“How Earth’s early oceans and atmosphere help guide the search for life beyond”Timothy W. Lyons  | University of California, United States of AmericaLife and life-sustaining environments, including oceans, have existed on a dynamic Earth for more than four billion years despite the multitude of challenges that come with stellar, solar system, and planetary evolution. Each of our many past planetary states, or alternative Earths, was associated with a particular atmospheric composition, and those atmospheres contained gases such as oxygen and methane that were produced by early life. Using ancient Earth to understand when and how these biosignature gases accumulated is allowing us to select targets and techniques for exploring the many Earth-like planets beyond our solar system. Further, Earth scientists and prebiotic chemists are working together in new ways to understand how and where life first emerged. This new perspective could also help guide the search for life elsewhere in the solar system and far beyond.This presentation is about the coevolution of life and its environments on Earth over billions of years, touching on key evolutionary innovations, the steps and dynamics of biospheric oxygenation, potential tectonic controls, and nutrient cycling—among other first-order patterns and drivers. The focus will include biosignatures emphasizing early Earth and its relevance in the search for life on exoplanets. Among the many lessons learned, early Earth has taught us about false negatives—that is, the possible absence of detectable atmospheric biosignatures above an ocean brimming with life. Overall, however, the evolution of life and its ecological impacts are direct reflections, through cause-and-effect relationships, of the chemical and physical evolution of solid and surficial Earth.

Thursday, 07/Sept/2023: 8:30am - 9:20am

“OneGeoscience: Providing FAIR global access to all geoscience data - are we there yet?”Lesley Wyborn  | Australian National University, AustraliaGeoscience deals with all fields of natural science related to understanding past, current and future states of the Earth and the terrestrial bodies. Geoscience has many sub-disciplines that have strong roots in other sciences such as chemistry, physics, geography, biology and mathematics. Each sub-discipline generally works in isolation and is governed by different science unions, societies and associations. Datasets generated by each are diverse, complex and heterogeneous: few fully comply with the FAIR principles. Hence it is hard to integrate datasets both within and across each sub-discipline. To enable efficient integration of geoscience data to effectively contribute to societal grand challenges will require conformance to agreed international standards and compliance with FAIR.The first attempt at international digital integration of data within one of these sub-disciplines was OneGeology, which in 2008 harmonised geological map data globally. More recently, OneGeochemistry is emerging as a fledgling effort to unify geochemical data across multiple sample types and analytical techniques in the geochemical domain. Geophysicists have not yet taken up the call for OneGeophysics but the potential is there.Rather than developing standards completely within each sub-discipline, a more holistic approach is to leverage the Observation, Measurement and Samples (OMS) Standard (IS0 19156: 2003) and break down the standards and vocabularies required into modules based around the feature of interest, instrument, procedures, event, place, properties value, result, etc.This presentation will highlight potential ways to use OMS to accelerate development and convergence of standards and vocabularies required to enable OneGeoscience to become a reality.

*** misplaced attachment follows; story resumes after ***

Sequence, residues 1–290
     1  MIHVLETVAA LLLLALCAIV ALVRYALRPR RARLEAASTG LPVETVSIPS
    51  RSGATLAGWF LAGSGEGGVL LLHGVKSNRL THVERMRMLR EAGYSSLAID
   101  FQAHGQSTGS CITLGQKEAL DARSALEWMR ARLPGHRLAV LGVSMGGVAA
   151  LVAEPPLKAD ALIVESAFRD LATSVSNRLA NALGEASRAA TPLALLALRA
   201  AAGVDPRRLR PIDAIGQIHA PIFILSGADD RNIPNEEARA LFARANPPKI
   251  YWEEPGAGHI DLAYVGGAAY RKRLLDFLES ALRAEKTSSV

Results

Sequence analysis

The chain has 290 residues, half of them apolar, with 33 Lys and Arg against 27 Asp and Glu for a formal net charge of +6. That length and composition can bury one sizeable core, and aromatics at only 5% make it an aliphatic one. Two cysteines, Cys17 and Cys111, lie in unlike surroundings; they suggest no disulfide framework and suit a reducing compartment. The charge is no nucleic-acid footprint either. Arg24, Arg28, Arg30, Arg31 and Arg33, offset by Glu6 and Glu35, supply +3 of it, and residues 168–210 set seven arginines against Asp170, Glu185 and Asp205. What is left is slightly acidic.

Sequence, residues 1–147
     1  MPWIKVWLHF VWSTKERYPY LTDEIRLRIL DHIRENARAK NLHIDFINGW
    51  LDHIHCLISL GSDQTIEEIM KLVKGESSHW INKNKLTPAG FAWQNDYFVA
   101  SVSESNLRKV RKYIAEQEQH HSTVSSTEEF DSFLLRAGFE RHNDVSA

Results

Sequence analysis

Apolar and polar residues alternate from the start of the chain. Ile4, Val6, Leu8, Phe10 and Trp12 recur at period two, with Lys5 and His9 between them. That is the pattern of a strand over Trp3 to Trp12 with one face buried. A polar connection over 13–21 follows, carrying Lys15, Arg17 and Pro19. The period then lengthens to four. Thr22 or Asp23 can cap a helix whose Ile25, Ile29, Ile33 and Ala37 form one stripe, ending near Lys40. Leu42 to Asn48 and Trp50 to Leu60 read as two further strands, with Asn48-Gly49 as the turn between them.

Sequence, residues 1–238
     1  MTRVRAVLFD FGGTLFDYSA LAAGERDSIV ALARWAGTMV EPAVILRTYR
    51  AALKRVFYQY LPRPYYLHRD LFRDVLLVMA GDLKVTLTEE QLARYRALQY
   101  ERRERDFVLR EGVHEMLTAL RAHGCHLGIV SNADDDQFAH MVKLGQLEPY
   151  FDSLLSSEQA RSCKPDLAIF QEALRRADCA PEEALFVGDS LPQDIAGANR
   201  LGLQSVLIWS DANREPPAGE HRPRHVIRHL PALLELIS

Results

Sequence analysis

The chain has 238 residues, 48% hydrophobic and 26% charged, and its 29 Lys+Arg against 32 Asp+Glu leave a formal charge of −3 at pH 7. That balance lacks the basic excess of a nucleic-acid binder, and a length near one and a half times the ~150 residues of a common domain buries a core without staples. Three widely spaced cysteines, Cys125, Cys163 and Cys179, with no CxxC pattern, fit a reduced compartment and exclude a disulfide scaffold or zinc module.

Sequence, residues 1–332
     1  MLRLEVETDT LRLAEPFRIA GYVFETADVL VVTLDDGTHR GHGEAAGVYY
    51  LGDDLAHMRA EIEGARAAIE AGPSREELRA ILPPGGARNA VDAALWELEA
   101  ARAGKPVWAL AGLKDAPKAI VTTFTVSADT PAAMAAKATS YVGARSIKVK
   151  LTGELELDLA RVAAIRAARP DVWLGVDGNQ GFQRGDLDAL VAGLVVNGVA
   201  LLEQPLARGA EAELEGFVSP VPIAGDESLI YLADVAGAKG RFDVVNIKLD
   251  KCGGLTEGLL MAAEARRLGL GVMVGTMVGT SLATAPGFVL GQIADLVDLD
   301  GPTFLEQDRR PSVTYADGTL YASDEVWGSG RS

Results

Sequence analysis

Plenary Discussion - Monday, 4th September 2023 | 10:30am - 12:00pm

„Wie trifft uns die Klimakrise?“Die Auswirkungen des Klimawandels sind allgegenwärtig: Gletscherschwund, Meeresspiegelanstieg, häufigere tropische Wirbelstürme, Überschwemmungen, aber auch Dürren und immer höhere Hitzerekorde. Damit verbunden sind massive Folgen für Gesellschaft und Wirtschaft, überall auf der Welt. In dieser Diskussionsrunde sprechen Wissenschaftler*innen und Aktivist*innen über die größten Herausforderungen, vor die uns die Klimakrise stellt. Wie unterscheiden sich kurzfristige und langfristige Folgen? Welche potenziellen Lösungswege müssen wir nun einschlagen und welche Chancen bringen diese für unsere Gesellschaft mit? Moderation:Jens FoellPanel Members:Stefan Rahmstorf | Potsdam Institute for Climate Impact Research; University of Potsdam, Institute of Physics and AstronomyProf. Dr. Rainer Quitzow | Forschungsinstitut für Nachhaltigkeit – Helmholtz-Zentrum Potsdam (RIFS)Kira Vinke | Zentrum für Klima und Außenpolitik an der Deutschen Gesellschaft für Auswärtige PolitikHelena Marschall | Fridays for FutureDaniela Schmidt | University of Bristol